Fig. 10.3
figure 3

Schematic picture of a decoupled aquaponic system including an aerobic mineralisation unit. Water can be transferred to the nutrient reservoir either from the RAS water loop or directly from the mineralisation unit

4 Anaerobic Treatments

Anaerobic digestion (AD) has long been used for the stabilisation and reduction of sludge mass process, mainly because of the simplicity of operation, relatively low costs and production of biogas as potential energy source. General stoichiometric representation of anaerobic digestion can be described as follows:

$$ \mathrm{CnHaOb}+\left(\mathrm{n}-\mathrm{a}/4-\mathrm{b}/2\right)\cdot {\mathrm{H}}_2\mathrm{O}\to \left(\mathrm{n}/2-\mathrm{a}/8+\mathrm{b}/4\right)\cdot {\mathrm{CO}}_2+\left(\mathrm{n}/2+\mathrm{a}/8-\mathrm{b}/4\right)\cdot \mathrm{CH}4 $$

Equation 10.4 Biogas general mass balance (Marchaim 1992).

And the theoretical methane concentration can be calculated as follows:

$$ \left[{\mathrm{CH}}_4\right]=0.5+\left(\ \mathrm{a}/4+\mathrm{b}/2\ \right)/2\mathrm{n} $$

Equation 10.5 Theoretical expected methane concentration in the biogas (Marchaim 1992).

The ultimate products from AD are mostly inorganic material (e.g. minerals), slightly degraded organic compounds and biogas which is typically composed of >55% methane (CH4) and carbon dioxide (CO2), with only small levels (<1%) of hydrogen sulphide (H2S) and total ammonia nitrogen (NH3 +/NH4+) (Appels et al. 2008).

During the process of AD, the organic sludge undergoes considerable changes in its physical, chemical and biological properties and schematically can be divided into four stages (Fig. 10.4). The first stage is hydrolysis, where complex organic matter such as lipids, polysaccharides, proteins and nucleic acids degrade into soluble organic substances (sugars, amino acids and fatty acids). This step is generally considered rate-limiting (Deublein and Steinhauser 2010). In the second acidogenesis step, the monomers formed in the first step split further, and volatile fatty acids (VFA) are produced by acidogenic (fermentative) bacteria along with ammonia, CO2, H2S and other by-products. The third step is acetogenesis, where the VFA and alcohols are further digested by acetogens to produce mainly acetic acid as well as CO2 and H2. This conversion is controlled to a large extent by the partial pressure of H2 in the mixture. The last step is methanogenesis where methane is mainly produced by two groups of methanogenic bacteria: acetotrophic archaea, which split acetate into methane and CO2, and hydrogenotrophic archaea, which use hydrogen as an electron donor and carbon dioxide as electron acceptor to produce methane (Appels et al. 2008).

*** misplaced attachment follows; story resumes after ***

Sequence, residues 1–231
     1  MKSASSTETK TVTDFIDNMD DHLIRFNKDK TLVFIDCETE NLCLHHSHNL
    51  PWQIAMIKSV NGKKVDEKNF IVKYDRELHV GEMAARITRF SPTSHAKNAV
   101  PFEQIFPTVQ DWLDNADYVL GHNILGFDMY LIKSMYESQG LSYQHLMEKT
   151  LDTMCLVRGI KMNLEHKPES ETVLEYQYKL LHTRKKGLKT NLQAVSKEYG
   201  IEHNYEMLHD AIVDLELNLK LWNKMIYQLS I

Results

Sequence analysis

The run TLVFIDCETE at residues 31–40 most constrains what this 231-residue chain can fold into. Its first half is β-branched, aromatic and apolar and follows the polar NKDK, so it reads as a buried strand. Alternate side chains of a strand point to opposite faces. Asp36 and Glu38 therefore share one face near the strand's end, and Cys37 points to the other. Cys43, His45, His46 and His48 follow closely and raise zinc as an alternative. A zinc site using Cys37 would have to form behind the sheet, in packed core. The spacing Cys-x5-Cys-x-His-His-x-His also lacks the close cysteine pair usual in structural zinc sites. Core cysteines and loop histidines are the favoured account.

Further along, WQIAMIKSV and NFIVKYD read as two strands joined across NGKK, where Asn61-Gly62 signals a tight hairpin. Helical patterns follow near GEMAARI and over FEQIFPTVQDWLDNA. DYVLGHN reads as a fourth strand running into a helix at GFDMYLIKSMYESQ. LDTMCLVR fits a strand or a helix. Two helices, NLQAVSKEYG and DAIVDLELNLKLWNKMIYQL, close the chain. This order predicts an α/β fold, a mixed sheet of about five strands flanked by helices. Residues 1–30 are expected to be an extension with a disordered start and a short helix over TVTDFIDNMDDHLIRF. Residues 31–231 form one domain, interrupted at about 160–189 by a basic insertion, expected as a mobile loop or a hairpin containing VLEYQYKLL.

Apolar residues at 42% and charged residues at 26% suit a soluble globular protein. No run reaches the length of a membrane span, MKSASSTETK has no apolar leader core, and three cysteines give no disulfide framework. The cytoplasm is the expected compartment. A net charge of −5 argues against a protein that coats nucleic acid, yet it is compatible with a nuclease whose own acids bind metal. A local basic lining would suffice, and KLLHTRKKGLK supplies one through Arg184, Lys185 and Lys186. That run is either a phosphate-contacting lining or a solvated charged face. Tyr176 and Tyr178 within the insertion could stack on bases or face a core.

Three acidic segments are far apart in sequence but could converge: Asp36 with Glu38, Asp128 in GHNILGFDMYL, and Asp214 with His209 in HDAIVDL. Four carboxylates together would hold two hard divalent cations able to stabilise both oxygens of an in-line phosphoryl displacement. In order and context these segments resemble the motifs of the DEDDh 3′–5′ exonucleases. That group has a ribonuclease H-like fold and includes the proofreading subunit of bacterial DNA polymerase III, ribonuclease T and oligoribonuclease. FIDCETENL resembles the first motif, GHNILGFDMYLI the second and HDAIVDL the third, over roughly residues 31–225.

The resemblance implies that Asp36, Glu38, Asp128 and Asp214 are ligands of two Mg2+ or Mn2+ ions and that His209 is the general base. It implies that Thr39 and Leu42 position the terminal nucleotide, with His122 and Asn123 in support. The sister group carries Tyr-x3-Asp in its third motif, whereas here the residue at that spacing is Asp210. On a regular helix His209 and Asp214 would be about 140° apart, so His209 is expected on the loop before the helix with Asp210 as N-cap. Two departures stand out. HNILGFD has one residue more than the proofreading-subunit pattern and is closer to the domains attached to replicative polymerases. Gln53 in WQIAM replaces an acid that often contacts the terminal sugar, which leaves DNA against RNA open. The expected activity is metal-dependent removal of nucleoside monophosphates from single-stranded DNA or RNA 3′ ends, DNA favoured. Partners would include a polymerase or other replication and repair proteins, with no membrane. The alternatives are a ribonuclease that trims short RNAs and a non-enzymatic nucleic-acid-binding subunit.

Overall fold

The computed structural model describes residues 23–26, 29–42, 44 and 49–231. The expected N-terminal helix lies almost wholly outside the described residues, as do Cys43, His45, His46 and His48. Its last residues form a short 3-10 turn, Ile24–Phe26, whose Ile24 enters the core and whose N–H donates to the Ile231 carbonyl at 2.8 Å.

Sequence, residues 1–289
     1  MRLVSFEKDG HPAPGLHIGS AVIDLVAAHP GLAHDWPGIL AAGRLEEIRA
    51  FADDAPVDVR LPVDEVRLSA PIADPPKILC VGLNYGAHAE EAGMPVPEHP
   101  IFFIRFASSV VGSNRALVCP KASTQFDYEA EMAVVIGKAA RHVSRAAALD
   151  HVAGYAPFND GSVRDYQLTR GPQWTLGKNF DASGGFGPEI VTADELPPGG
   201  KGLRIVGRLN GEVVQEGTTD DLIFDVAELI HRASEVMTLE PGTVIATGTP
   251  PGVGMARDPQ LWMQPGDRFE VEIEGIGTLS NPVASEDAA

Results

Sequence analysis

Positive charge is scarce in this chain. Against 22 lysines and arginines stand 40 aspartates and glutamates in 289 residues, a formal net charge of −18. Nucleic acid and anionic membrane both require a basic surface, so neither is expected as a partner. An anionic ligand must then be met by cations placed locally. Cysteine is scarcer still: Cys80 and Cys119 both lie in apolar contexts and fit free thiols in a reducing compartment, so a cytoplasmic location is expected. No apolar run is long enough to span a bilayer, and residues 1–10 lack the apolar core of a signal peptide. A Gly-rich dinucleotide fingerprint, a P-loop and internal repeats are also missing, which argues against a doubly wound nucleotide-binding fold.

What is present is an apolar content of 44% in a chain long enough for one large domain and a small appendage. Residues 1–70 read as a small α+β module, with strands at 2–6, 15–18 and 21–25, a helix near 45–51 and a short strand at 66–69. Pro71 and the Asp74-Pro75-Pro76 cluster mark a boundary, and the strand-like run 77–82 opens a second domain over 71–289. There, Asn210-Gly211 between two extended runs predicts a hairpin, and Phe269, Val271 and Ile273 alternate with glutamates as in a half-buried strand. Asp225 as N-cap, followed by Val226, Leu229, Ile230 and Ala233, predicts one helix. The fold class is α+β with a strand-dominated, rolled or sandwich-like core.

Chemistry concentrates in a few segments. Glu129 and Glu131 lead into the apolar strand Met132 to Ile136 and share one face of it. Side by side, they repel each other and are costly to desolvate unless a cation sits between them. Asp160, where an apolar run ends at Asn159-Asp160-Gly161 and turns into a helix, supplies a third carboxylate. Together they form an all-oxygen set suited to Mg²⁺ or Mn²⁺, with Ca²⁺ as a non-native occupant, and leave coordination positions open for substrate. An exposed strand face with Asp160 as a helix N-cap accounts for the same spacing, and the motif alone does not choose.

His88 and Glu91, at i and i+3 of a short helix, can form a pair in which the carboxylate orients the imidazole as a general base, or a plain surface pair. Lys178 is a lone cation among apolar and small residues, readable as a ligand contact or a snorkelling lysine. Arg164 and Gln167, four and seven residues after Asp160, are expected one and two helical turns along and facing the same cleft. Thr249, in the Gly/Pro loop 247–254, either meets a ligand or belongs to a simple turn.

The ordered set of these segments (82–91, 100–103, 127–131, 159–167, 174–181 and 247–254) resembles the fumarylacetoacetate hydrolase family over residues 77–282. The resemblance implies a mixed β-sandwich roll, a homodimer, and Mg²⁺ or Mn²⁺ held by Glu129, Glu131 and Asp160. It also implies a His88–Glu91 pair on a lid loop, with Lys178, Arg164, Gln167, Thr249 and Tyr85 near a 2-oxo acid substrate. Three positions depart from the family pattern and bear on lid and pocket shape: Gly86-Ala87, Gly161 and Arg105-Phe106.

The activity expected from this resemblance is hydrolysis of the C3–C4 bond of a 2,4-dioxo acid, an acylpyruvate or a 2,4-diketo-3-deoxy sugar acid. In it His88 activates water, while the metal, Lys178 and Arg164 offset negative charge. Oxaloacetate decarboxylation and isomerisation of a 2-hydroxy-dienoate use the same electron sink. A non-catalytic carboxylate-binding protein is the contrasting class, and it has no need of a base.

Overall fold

Fig. 10.4
figure 4

Schematic diagram showing anaerobic degradation of organic matter based on Garcia et al. (2000)

Various factors such as sludge pH, salinity, mineral composition, temperature, loading rate, hydraulic retention time (HRT), carbon-to-nitrogen (C/N) ratio and volatile fatty acid content influence the digestibility of the sludge and the biogas production (Khalid et al. 2011).

Anaerobic sludge treatment from RAS began about 30 years ago with reports on sludge from freshwater RAS (Lanari and Franci 1998) followed by reports on marine (Arbiv and van Rijn 1995; Klas et al. 2006; McDermott et al. 2001) and brackish water operations (Gebauer and Eikebrokk 2006; Mirzoyan et al. 2008). Recently, the use of UASB (Fig. 10.5) for AD of RAS sludge followed by biogas production as an alternative source of energy was suggested (Mirzoyan et al. 2010). The reactor is made of a tank, part of which is filled with an anaerobic granular sludge blanket containing the active microorganism species. Sludge flows upwards through a ‘microbial blanket’ where it is degraded by the anaerobic microorganisms and biogas is produced. An inverted cone settler at the top of the digester allows gas–liquid separation. When the biogas is released from the floc, it is oriented into the cone by the deflectors to be collected. A slow mixing in the reactor results from the upwards flow coupled with the natural movement of the microbial flocs that are attached to biogas bubbles. At some point, the floc leaves the gas bubble and settles back down allowing for the effluent to be free from TSS, which can then be recycled back to the system or released. The main advantages of the UASB are the low operational costs and simplicity of operation while providing high (>92%) solid-removal efficiency for wastes with low (1–3%) TSS content (Marchaim 1992; Yogev et al. 2017).